The most authoritative, specific and substantial evidence before Defendant on the appeal and the reconsideration request, as to Defendant’s medical condition and its relationship to the material duties of his own occupation, comes from that letter of April 21, 2015, from Dr. Edwards himself. Dr. McKenas did not have the benefit of this letter in preparing his physician review because it was written and came into evidence subsequent to that review. Likewise, he did not have Dr. Senft’s letter of March 21, 2015, confirming his opinion as treating and referring physician and due to his background as a flight surgeon in the United States Army, that Plaintiff is “unsafe to fly commercial or private aircraft.” (AR 7000186). But Defendant did have such benefit and nonetheless concluded that there was “no evidence” of Defendant’s inability reliably to perform in his own occupation.

    The only evidence to the contrary of Dr. Edwards’s report and those of the other doctors is that of Dr. McKenas, whose report, while independent, is ostensibly derivative of the findings of Plaintiff’s doctors. The latter, however, uniformly reveal no doubts of Plaintiff’s credibility concerning his symptoms, found a medical basis for them and concluded he could not be expected to perform the necessary material functions of his own occupation in the light of those symptoms.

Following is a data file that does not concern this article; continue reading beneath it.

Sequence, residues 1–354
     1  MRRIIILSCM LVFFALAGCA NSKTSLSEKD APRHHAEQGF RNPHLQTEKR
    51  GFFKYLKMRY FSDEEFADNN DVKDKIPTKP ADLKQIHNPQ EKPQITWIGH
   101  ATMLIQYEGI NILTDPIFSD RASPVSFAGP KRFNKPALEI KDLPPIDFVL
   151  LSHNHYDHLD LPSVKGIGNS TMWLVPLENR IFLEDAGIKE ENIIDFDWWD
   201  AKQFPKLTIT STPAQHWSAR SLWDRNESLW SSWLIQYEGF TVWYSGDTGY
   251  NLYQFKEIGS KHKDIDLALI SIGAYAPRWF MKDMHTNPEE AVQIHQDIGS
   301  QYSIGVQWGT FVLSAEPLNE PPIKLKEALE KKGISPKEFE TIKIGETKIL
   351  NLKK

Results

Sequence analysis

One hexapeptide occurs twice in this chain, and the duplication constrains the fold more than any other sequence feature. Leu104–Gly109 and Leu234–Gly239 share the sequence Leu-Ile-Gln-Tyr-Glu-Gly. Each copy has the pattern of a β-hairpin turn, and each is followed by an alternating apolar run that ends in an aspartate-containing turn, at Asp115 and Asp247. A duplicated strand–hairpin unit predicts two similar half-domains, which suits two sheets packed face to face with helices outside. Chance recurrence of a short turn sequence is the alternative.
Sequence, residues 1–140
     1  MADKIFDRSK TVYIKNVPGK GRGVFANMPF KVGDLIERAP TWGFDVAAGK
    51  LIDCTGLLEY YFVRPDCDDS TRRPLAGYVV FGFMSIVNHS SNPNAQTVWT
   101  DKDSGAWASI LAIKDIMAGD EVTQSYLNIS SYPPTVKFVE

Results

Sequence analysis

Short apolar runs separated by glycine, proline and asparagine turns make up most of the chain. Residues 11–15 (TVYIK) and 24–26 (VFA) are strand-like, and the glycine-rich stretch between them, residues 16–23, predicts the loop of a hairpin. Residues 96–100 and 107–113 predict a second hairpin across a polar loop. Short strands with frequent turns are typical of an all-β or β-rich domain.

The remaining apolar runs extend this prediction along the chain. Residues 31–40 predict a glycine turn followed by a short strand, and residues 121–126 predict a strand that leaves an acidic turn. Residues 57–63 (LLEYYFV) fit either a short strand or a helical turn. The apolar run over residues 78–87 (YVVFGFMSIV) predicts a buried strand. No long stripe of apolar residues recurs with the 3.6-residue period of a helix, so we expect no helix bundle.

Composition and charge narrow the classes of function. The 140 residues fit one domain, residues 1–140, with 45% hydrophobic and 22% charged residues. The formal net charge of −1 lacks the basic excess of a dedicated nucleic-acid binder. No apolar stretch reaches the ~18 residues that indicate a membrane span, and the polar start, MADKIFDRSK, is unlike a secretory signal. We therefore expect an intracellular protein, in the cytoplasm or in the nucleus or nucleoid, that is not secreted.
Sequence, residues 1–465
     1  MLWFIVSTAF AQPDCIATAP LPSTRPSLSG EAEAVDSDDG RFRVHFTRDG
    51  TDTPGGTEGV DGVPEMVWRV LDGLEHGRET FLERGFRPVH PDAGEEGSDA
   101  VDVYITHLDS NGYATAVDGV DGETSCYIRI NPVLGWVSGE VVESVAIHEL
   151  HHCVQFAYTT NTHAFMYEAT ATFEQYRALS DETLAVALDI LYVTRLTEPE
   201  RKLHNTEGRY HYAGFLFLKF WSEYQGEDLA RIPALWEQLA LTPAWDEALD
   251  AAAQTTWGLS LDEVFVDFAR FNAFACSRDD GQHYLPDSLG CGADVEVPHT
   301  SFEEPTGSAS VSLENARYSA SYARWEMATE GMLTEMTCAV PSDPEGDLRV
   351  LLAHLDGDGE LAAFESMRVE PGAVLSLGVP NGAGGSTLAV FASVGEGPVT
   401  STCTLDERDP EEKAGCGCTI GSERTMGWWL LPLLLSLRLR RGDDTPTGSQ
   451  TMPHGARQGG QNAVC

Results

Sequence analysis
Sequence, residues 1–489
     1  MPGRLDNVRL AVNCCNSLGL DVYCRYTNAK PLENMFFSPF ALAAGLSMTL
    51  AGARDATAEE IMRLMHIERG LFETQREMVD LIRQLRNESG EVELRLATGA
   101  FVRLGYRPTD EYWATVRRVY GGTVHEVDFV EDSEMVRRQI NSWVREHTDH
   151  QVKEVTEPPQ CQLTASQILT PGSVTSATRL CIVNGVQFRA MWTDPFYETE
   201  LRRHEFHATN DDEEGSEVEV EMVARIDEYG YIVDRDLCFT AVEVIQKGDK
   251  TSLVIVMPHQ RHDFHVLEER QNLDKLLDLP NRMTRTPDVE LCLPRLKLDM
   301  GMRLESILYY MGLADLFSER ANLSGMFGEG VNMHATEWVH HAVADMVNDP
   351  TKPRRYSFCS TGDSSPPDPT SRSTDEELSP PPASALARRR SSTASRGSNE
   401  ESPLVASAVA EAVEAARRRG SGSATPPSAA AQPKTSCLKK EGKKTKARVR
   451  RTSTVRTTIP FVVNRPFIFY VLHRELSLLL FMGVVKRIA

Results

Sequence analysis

This certainly constitutes evidence of an objective functional deficit in Plaintiff’s leg and is far from “no evidence”. Defendant’s reliance on Dr. McKenas’s report is not supported by the record.
    The court finds that a remand is not appropriate and awards the reinstatement of benefits.

    The Court finds that Defendant has demonstrated a manifest unwillingness to give fair consideration to Plaintiff’s evidence in the record, which shows that claimant is entitled to benefits. The record includes reports and letters from Plaintiff and his treating physicians, who document Plaintiff’s condition and urge that it is unsafe for Plaintiff to pilot an airplane, a condition of his employment. Despite this evidence, Defendant relies predominantly on Dr. McKenas’s flawed report. The Court finds it an unreasonable abuse of discretion to disregard Plaintiff’s treating physicians’ recommendations. Defendant’s reluctance to reassess Dr. McKenas’s report after Plaintiff pointed out that certain underlying facts were incorrect, is an indicator of Defendant’s unwillingness to give fair consideration to Plaintiff’s evidence. Accordingly, the Court finds it appropriate to order that Defendant retroactively award Plaintiff’s LTD benefits.
    The opinion is attached below.
    Attached Files